danny d (mx) wrote: as a war film it is extremely effective and entertaining. as a love story it falls short. as a blend of the two it is a good film that could have been better but is still worth seeing. sezuki's stylistic appraoch didnt work as well here as it has in other films, and the acting could have been better, but the film does well at grabbing the attention and telling an interesting japanese war story.
Nuno H (de) wrote: Vejam este filme. Agora.
Shawn W (es) wrote: A play on the Charles Dickens classic with Bill Murray as a mean-spirited television executive. Did not find it funny nor did it provide any type of Christmas spirit. Stick to James Stewart in "It's a Wonderful Life", so much better for holiday cheer.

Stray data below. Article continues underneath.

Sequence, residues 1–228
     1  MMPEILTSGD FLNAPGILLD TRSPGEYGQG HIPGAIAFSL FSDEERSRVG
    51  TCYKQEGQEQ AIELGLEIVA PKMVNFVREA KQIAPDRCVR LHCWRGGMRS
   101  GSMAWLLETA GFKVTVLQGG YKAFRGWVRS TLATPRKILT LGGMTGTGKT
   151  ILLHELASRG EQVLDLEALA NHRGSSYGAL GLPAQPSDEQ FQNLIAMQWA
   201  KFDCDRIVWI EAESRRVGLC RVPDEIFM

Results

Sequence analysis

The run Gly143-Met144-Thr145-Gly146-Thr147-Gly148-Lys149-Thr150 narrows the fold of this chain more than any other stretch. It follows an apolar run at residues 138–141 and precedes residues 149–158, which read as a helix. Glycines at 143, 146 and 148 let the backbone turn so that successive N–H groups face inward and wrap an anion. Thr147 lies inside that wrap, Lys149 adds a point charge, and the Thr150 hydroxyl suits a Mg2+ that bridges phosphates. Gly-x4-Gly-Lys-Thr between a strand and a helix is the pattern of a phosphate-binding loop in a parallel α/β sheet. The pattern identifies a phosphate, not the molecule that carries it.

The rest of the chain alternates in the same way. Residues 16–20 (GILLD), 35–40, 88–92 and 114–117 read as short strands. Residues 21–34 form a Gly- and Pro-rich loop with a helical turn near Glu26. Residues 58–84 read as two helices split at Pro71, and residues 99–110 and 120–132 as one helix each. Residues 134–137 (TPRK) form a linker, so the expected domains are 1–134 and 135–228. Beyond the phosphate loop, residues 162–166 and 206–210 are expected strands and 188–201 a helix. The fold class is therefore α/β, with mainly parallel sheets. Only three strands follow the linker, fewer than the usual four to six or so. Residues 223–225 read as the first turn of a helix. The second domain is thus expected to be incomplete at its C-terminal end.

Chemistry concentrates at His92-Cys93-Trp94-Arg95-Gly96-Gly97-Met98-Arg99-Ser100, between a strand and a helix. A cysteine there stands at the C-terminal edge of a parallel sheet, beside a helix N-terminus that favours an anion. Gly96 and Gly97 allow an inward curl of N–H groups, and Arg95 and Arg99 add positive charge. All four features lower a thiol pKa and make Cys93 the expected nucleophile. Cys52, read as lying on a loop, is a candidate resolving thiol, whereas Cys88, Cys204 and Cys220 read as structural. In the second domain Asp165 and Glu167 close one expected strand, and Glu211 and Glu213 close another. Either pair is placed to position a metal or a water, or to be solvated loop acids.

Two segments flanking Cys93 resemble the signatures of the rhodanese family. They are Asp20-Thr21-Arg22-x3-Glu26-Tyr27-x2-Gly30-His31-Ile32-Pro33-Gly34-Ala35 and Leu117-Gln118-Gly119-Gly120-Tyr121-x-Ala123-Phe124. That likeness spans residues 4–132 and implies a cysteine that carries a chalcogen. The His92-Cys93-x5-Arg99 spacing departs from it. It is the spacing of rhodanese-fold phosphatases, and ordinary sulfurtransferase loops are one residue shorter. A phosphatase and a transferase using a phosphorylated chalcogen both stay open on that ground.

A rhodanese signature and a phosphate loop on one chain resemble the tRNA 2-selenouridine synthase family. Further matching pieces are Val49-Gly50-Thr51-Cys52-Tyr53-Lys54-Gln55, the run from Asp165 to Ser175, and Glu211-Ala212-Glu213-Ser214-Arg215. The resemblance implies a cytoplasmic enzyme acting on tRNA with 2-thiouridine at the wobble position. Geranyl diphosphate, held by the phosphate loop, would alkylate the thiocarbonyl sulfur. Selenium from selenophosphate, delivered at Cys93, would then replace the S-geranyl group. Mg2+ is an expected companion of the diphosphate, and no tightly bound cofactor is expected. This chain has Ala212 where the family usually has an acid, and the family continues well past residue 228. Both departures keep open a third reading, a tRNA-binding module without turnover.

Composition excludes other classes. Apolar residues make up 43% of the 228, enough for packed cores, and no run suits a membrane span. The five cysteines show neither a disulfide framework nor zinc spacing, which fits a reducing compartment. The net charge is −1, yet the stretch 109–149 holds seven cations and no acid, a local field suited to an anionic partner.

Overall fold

Mark M (jp) wrote: A film adaption of Markus Zusak's 2005 novel, which is plagued from the first moment by over-earnestness, over-acting ("I'm going for the Oscar!"), odd writing choices based on the assumption the audience must be idiots who will never get the subtly of the source material, and paint-by-numbers direction. The Book Thief (2013) should be avoided at all costs. This is what a film looks like when the heart of a book is ripped out (and its guts for good measure) and then sent to a Hollywood mortician to be 'prettied up' for burial... I mean, release. I can even hear in my head the all-too-obvious conversation during a preproduction casting meeting, "God always has an English accent in films, so Death should have one, too." This book is begging for a high-quality 4-to-8 part HBO miniseries, some decent script writers, and a director with some flair and more imagination than the average goldfish. I had to pause the film multiple times to just survive the entire run time. I seriously considering leaving it turned it off a couple of those times. I'm only giving the film one star because I liked Sophie Nlisse as Liesel and Nico Liersch as Rudy; too bad they weren't given a better adaption of the book. Mark's Grade: 1 Star